As Purdue restructures its business in hopes of signing a multibillion-dollar opioid settlement, revelations about the drugmaker’s operations are slowly coming to light. One notable finding? The company’s founding family, the Sacklers, made a lot of money—up to $13 billion, in fact.
Thousands of local and state plaintiffs are fighting Purdue’s attempt to halt litigation as it undergoes a court-supervised restructuring tied to a massive opioid settlement in Ohio that could reach as high as $12 billion.
As part of that deal reportedly reached in September, the Sacklers agreed to pay $3 billion of their own money while Purdue will reorganize as a public benefit trust. The agreement, which has yet to be formally approved and has faced stiff pushback from some state attorneys general, would become the largest settlement ever signed by a drugmaker.
While the Sacklers’ rumored haul from Purdue and its bestselling opioid OxyContin over the years has varied, a September deposition from Jesse DelConte, a restructuring consultant for Purdue, said the family transferred between $12 billion and $13 billion from the company. DelConte did not say what period those transfers covered.
In a series of court filings Friday, local and state plaintiffs called Purdue’s attempt to halt the ongoing lawsuits as a “firebreak” strategy to shield the Sacklers’ wealth and accused the drugmaker of attempting to force the global settlement it aimed for.
In an emailed statement, Purdue pushed back against those allegations but didn't comment on the reported $13 billion the Sacklers received.
“Purdue’s request for a stay cannot be construed as an effort by the company to use the bankruptcy to evade responsibility or oversight,” the company said. “To the contrary, the settlement structure already offers 100 percent of Purdue without the plaintiffs having to win a single court case. So, bankruptcy is being used to give Purdue to its claimants, not to shield the company from them.“
A Raymond Sackler family attorney said the $13 billion figure cited in the deposition was not reflective of the amount the family actually received.
"The distribution numbers do not reflect the fact that many billions of dollars from that amount were paid in taxes and reinvested in businesses that will be sold as part of the proposed settlement," attorney Daniel S. Connolly said in a statement.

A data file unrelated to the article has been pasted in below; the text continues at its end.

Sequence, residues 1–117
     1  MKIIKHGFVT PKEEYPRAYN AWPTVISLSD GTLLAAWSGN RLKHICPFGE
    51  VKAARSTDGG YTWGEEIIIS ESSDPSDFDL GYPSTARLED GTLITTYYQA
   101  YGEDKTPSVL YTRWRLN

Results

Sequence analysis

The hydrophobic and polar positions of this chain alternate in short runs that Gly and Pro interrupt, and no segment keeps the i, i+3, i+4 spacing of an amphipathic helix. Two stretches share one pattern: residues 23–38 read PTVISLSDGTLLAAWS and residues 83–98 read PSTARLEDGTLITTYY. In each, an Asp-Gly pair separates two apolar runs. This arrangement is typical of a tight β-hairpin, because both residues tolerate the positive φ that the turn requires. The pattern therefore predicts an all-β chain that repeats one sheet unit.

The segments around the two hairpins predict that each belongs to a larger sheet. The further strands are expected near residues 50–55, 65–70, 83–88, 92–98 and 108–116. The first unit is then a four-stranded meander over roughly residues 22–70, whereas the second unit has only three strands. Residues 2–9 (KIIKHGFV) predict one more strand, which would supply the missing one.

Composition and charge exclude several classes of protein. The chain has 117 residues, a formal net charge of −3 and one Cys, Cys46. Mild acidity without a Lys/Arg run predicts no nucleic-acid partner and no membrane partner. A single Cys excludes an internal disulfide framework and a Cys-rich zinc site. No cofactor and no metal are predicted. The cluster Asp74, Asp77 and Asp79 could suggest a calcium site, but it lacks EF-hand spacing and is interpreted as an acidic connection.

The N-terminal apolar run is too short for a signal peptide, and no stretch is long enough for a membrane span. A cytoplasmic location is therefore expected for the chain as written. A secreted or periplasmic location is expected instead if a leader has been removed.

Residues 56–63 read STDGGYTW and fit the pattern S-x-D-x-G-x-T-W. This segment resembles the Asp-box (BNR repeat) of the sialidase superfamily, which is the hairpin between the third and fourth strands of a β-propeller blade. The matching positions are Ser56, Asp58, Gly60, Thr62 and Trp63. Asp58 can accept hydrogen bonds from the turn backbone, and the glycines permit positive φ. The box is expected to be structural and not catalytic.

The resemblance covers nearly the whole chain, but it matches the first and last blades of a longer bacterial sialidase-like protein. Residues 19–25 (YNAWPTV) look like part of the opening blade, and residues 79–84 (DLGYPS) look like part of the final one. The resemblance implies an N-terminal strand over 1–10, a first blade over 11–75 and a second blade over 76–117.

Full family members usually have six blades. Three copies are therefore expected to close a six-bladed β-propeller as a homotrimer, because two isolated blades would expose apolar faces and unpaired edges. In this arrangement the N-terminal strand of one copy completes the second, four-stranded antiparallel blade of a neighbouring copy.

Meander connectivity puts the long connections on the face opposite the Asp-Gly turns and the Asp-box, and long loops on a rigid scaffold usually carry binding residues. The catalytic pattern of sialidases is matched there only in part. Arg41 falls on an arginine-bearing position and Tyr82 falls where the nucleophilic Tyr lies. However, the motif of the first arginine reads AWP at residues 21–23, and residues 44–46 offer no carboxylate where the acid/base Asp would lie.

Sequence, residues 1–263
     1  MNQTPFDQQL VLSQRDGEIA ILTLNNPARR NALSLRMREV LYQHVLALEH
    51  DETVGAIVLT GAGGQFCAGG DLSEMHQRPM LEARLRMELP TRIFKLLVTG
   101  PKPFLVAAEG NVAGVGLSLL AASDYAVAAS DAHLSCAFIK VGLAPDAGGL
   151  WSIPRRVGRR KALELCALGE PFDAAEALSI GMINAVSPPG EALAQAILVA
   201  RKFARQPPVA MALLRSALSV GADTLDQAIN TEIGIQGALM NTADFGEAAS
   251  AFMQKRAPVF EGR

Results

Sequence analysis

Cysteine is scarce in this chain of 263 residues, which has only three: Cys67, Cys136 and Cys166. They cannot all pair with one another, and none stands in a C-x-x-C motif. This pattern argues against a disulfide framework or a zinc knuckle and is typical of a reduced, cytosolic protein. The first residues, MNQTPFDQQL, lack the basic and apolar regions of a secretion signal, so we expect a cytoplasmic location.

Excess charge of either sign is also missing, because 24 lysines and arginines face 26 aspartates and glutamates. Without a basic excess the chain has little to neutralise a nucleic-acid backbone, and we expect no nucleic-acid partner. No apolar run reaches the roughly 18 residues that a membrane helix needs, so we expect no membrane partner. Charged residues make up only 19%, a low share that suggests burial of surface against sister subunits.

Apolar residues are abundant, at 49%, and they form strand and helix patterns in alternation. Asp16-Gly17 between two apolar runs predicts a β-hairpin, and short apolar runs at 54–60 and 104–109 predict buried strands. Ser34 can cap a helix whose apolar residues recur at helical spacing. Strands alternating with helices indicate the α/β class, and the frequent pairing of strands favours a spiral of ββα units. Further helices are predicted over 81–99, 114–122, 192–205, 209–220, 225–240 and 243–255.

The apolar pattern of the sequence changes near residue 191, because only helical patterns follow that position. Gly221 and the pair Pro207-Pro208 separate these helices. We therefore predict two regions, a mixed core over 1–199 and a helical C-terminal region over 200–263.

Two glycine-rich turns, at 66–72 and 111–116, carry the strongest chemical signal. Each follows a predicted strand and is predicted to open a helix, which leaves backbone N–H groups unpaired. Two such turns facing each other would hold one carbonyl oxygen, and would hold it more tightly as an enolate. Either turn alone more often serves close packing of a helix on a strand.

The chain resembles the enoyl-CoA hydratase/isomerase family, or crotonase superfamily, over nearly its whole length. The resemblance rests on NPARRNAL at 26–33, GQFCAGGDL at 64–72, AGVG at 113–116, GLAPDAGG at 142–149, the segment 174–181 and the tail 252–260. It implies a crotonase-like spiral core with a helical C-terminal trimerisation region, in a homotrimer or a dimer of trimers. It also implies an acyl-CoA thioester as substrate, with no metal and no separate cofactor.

The pressure against Purdue comes on the heels of the drugmaker requesting court approval to pay out $34 million in annual and long-term incentives to some of its employees.
In September, Purdue said it planned to honor $26.5 million for its annual incentive plan, which awards employees based on personal performance and the financial performance of the company. The drugmaker also sought $7.9 million for its long-term cash incentive program, which covers three years of employee performance.
In an emailed statement at the time, Purdue said the incentive funds were important tools to retain employees and are standard across pharma. However, the drugmaker didn’t specify which of its 700 employees were eligible for the incentives or whether the incentives were appropriate given the company’s bankruptcy filing. No member of the Sackler family is currently employed at Purdue.
“Retaining our talented and dedicated employees is a key determinant of the company’s future value,” the company said. “These bonus payments at the company are awarded through long-standing annual benefit plans, are reasonable in amount and similar programs are commonplace at most companies.”
So far, dozens of states and local entities have opposed the payout attempt, saying the company had not made clear which employees were eligible for the incentives.
“The employees who were responsible for or directly involved in the wrongdoing should not be rewarded with bonuses, whether styled as annual incentive plans, sign-on bonuses or severance payments,” attorneys for the state of Arizona said in a filing last week. “(Purdue) provides little to no detail regarding which employees would receive these payments, or whether those employees participated in the illegal practices resulting in the opioid epidemic.”
Editor's Note: This story has been updated to include a comment from a Sackler family attorney.